C.O.C.O.A. House: Helping local children move from D’s to A’s


By Carina Sorrentino

Children of Our Community Open to Achievement, better known as C.O.C.O.A. House, exists as one of Union’s most beneficial interactions with the Schenectady community.

Founded in 1996 by Union student Rachel Graham, C.O.C.O.A. has provided a tremendous service to the children of Clifton Park since its inception.

What began as an operation in one room in a church now occupies an entire house in Clifton Park where children can come after school twice a week to be tutored by Union volunteers.

The facility is currently run by Rachel Graham’s mother, the legendary “Ms. Graham,” as the children know her.

Graham, along with many other volunteers, keeps C.O.C.O.A. House operational during the school year. The house achieved official club status at Union and is maintained by a group of passionate students.

Graham and her volunteers visit schools in the area to find students who may benefit from the extra help in school. They even go door to door in the Clifton Park area asking parents if their

C.O.C.O.A. House currently has eight to 10 children who come regularly. The children range from third grade through sixth grade.

They are able to work on math problems, reading, writing and games when they finish practicing academics.

Current President of C.O.C.O.A. House Laura Somberg ’16 commented on the evolution of her involvement with the club, stating, “I had a conversation with the former student body president about his preparations for Teach For America, something I was interested in pursuing.”

She continued, “I asked what activities on campus he had done to prepare for the job, and he told me about C.O.C.O.A.

“I looked into it and started going, and immediately fell in love with the kids, as I think a lot of students would,” Somberg concluded.

Somberg and C.O.C.O.A. House’s faculty advisor Professor Jeffrey Witsoe would like to see the program increase the number of days that Union students can go and tutor at the house, thus sizeable increasing their impact as a whole.

The program is offered at no cost to the children, who are able to come and receive the extra help they need on the subjects in which they struggle.

To the dismay of children and C.O.C.O.A.’s volunteers, the program is no longer able to afford to hire people to write grants. The grants are used to pay for the house’s operations. Because insurance has been quadrupled, it is now up to fundraising efforts to keep the program going.

Fortunately, there has been an increased interest from Union students. Six to eight tutors are typically able to go to the house per excursion, on average.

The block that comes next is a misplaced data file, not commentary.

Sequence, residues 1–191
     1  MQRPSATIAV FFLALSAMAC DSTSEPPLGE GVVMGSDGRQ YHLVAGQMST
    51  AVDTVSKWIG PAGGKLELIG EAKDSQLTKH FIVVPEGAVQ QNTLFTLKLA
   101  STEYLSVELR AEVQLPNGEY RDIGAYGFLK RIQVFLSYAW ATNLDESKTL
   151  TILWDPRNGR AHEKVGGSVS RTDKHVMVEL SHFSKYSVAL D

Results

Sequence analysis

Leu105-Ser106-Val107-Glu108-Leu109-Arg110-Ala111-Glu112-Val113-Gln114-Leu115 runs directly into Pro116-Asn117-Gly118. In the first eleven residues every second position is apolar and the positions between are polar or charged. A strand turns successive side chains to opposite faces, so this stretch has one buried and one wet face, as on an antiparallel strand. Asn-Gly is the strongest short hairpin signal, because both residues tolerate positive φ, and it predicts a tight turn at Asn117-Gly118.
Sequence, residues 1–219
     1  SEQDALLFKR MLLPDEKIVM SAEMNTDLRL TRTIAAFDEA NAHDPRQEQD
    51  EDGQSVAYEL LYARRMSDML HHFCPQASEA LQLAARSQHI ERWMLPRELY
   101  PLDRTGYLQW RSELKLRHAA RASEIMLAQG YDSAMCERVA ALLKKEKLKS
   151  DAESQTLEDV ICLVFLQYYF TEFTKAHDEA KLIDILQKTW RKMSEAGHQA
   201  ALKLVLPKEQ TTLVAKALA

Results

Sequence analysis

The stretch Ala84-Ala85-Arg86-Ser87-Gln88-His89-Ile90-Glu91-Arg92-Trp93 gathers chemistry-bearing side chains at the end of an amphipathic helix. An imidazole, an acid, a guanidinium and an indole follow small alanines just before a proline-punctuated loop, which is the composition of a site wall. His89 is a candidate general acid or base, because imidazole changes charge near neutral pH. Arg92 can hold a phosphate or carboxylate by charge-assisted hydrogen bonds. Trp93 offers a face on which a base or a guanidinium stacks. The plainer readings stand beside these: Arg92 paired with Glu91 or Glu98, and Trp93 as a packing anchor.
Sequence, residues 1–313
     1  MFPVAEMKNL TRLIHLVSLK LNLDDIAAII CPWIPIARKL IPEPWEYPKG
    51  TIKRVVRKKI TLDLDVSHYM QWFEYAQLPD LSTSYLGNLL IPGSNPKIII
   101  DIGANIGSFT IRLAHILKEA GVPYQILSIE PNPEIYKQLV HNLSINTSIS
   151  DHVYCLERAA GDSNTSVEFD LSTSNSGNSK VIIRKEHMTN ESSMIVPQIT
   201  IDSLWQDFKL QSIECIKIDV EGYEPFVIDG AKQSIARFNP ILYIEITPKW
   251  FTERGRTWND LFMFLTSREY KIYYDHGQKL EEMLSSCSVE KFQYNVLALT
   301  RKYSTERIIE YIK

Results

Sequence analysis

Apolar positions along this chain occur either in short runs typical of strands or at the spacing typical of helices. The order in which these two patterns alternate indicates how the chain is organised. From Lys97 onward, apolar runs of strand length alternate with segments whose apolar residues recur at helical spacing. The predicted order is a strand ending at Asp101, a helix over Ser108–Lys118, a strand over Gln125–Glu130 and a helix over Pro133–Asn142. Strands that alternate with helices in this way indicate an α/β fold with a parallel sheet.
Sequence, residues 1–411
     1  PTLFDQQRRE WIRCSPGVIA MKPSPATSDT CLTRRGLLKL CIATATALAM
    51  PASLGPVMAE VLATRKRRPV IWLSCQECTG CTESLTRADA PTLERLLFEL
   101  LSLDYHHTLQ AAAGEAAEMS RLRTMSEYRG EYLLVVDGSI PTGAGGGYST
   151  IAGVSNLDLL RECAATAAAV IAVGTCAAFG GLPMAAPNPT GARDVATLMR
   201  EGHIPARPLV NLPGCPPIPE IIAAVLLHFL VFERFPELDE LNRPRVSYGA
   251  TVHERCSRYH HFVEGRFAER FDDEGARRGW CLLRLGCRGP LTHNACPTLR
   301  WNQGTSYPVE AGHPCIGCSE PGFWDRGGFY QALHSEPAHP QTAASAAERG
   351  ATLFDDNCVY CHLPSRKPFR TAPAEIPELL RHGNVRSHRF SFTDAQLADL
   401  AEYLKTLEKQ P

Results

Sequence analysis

However, more organizations have noticed the importance of C.O.C.O.A. During Greek Week, tabling outside of Reamer has prompted students to donate to their “favorite” Greek organization, with all of the proceeds funding C.O.C.O.A. House.

“It’s really a community effort,” commented Somberg. “I think this term there has been a lot more involvement, and I feel it is primarily because of last year when we had our end-of-the-year banquet.

“The kids talked about their experiences, going from getting D’s to A’s, and going from being behind in classes to on par, if not ahead. Seeing them doing their homework and also having fun is extremely rewarding,” she continued

The energy in the house is proof of the difference it makes, as children light up when they see volunteers and get to meet new people. The benefits for the child as well as the tutor are invaluable.

The goals of C.O.C.O.A. House are for volunteers and children to build strong relationships, be positive role models and do school work.

Somberg added that primarily a goal is to keep the children off the streets.

When the children are able to interact with the students at Union, they see what kind of potential their futures hold.

Not only does C.O.C.O.A. House provide a positive service, it brings Union students in contact with children who may come from very different backgrounds than themselves.

While the children are learning how to perform better in school, Union volunteers learn how to step outside of their comfort zones and make a sizeable impact on the lives of children with great potential.


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